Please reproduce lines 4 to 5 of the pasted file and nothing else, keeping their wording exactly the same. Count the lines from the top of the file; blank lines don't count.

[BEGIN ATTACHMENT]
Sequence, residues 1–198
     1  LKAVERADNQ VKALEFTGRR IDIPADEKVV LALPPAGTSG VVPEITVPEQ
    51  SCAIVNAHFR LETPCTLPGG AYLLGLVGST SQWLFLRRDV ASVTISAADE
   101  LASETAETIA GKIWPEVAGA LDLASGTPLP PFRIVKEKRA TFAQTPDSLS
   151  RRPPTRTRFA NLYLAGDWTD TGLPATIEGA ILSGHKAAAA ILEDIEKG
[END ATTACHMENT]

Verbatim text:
   101  LASETAETIA GKIWPEVAGA LDLASGTPLP PFRIVKEKRA TFAQTPDSLS
   151  RRPPTRTRFA NLYLAGDWTD TGLPATIEGA ILSGHKAAAA ILEDIEKG